"Patients who suffer from permanent arthrofibrosis never, ever have a knee that resembles normal"

First published by Dr Noyes in 2008, and reviewed August 2023 by Dr Sheila Strover (Clinical Editor)


As you have learned from this course, the permanent loss of knee motion is a disaster.

Patients go through months and sometimes years of frustrating, ineffective treatment and eventually wind up with a total knee replacement.

This is especially sad when the condition occurs after a relatively “minor” knee operation, such as a partial meniscectomy that is about a 15-minute operation. Just as frustrating to the medical staff at my office are the cases in which the limitation of knee motion never should have occurred in the first place, or which would have been fairly easily resolved if diagnosed and treated immediately. The vast majority of arthrofibrotic cases are secondary in nature – and that is why most are preventable. The rare cases of true primary arthrofibrosis - caused by an exaggerated inflammatory response to an injury or surgical procedure and not from other factors – are different and should not be confused with the secondary preoperative, intraoperative, and postoperative factors I have discussed in this course.

Patients who suffer from permanent arthrofibrosis never, ever have a knee that resembles normal. The majority sustained the original injury playing sports and were very active individuals. The loss of the ability to participate even in low impact activities brings on depression and tremendous anxiety. In addition, most patients are young, in their 3rd to 4th decade of life, which is far too early to lose the ability to have an active lifestyle.

Trying to deal with arthrofibrosis is extremely time-consuming and affects just about all portions of the patient’s life. Those that are able travel great distances to Centers experienced in treating this condition but even then, no guarantees are ever offered that a solution will be found. This is because usually by the time the patient realizes that they must seek treatment elsewhere, many months have elapsed and the arthrofibrotic condition is well established and often permanent.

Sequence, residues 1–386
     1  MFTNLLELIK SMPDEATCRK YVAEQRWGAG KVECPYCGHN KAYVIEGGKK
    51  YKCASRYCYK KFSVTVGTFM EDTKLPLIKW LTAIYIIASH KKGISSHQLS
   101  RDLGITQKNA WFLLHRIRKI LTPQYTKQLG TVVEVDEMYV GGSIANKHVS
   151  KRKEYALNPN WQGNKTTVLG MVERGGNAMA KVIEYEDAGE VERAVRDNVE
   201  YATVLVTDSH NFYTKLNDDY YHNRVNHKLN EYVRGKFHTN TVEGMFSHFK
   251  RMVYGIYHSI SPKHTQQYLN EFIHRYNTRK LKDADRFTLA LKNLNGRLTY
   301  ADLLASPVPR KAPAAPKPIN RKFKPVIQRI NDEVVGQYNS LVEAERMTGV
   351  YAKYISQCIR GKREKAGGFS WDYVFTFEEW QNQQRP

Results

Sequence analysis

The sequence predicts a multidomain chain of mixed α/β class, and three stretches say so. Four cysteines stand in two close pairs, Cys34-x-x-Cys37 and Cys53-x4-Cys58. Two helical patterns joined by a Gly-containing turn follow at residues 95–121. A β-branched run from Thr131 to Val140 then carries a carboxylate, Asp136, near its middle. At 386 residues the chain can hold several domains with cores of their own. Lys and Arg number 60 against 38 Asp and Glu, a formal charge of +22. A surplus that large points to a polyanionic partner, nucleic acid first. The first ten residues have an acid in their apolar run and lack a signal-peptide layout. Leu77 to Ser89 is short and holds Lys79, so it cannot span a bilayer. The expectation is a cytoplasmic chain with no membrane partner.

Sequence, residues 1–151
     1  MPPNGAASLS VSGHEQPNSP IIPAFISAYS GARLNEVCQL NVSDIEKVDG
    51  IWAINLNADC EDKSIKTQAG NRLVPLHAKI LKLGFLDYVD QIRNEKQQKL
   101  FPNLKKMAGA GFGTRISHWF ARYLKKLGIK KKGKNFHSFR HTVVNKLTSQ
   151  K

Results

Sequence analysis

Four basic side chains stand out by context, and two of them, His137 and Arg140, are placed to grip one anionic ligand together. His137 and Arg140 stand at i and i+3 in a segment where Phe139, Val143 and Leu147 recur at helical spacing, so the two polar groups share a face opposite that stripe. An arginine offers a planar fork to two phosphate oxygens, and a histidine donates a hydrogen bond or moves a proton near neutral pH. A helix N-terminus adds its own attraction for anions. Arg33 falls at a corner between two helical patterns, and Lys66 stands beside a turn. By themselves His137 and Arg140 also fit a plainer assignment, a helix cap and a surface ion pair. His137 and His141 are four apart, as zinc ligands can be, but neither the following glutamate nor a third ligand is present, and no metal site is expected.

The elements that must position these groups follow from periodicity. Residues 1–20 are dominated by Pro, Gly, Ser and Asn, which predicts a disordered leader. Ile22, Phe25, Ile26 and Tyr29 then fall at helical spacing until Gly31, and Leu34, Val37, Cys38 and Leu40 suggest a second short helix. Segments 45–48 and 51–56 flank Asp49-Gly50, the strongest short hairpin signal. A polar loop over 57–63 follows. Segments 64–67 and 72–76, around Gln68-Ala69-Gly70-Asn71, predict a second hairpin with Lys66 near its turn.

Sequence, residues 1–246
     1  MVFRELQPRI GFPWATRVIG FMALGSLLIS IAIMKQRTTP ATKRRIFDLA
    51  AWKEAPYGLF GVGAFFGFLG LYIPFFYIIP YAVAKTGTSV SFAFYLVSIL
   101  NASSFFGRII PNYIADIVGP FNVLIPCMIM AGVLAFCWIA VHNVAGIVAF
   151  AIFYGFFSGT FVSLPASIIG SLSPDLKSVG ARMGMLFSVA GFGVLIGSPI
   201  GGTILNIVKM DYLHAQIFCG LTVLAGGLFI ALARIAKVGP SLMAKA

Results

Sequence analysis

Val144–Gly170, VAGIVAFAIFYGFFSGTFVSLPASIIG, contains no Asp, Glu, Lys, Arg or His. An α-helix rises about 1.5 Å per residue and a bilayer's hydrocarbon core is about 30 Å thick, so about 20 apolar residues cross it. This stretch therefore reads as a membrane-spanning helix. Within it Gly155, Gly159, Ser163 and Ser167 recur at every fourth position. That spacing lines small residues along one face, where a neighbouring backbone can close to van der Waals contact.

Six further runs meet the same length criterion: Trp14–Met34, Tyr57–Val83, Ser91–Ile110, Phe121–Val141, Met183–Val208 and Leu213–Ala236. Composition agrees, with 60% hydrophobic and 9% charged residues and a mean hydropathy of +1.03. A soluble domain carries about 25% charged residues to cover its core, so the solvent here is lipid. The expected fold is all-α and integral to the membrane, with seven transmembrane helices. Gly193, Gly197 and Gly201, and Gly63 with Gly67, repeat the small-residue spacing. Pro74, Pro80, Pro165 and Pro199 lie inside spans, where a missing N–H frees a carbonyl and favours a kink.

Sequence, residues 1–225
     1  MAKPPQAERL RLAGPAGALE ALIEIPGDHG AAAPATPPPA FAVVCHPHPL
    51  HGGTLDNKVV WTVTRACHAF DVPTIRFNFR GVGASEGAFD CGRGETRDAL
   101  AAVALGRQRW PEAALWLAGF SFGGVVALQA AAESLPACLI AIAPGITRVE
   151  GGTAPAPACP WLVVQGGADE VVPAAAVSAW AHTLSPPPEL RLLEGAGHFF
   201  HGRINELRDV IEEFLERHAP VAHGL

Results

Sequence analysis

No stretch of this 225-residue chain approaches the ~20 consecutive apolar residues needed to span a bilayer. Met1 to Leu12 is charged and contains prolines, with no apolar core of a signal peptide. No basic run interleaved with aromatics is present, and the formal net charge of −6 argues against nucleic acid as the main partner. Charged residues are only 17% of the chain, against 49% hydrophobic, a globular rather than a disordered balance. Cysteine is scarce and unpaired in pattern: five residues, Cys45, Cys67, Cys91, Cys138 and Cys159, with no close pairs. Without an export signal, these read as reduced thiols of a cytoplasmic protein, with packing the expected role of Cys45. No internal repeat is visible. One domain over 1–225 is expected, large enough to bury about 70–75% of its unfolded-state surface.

One of the problems in the medical community is a lack of agreement of how to recognize an early problem with knee motion, how to treat it, and when to treat it after the injury or surgery.

Our review of the published studies found that some authors don’t recommend an extension cast for a limitation of extension until nearly a year postoperative. Our program incorporates this treatment 4-12 weeks after surgery if required. Others recommend a manipulation under anesthesia between 4-8 months postoperative, whereas we will perform a very gentle ranging of the knee under anesthesia as early as 3 weeks postoperative if the patient is delayed in regaining flexion. Aggressive, overzealous motion exercises can cause more harm than good, as they result in tearing of tissues, increased inflammation, and even fractures. An early initiation of gradual stretching of early scar tissue is very effective.

There are many disturbing stories we have seen on various Internet sites of patients describing forceful manipulations done in the surgeon’s office or physical therapy clinic. The belief seems to be to simply break down the scar tissue in whatever manner works, which only of course aggravates the situation.

In two investigations on 650 knees at our Center that underwent ACL reconstruction, 6% required and agreed to treatment intervention for a knee motion problem. At the final follow-up evaluation, 2% lacked normal knee motion (9 knees lacked 5° of extension and 2 had permanent contractures or arthrofibrosis). An extension cast was applied in 2%, gentle manipulation under anesthesia was done in 3%, and arthroscopic debridement was performed in < 1%.

So you can see that an early treatment intervention program, combined with knowledge of all of the risk factors for developing arthrofibrosis, is really effective in preventing this disaster.

PREVIOUS PART: Surgery for chronic patella infera

NEXT PART: Preventing arthrofibrosis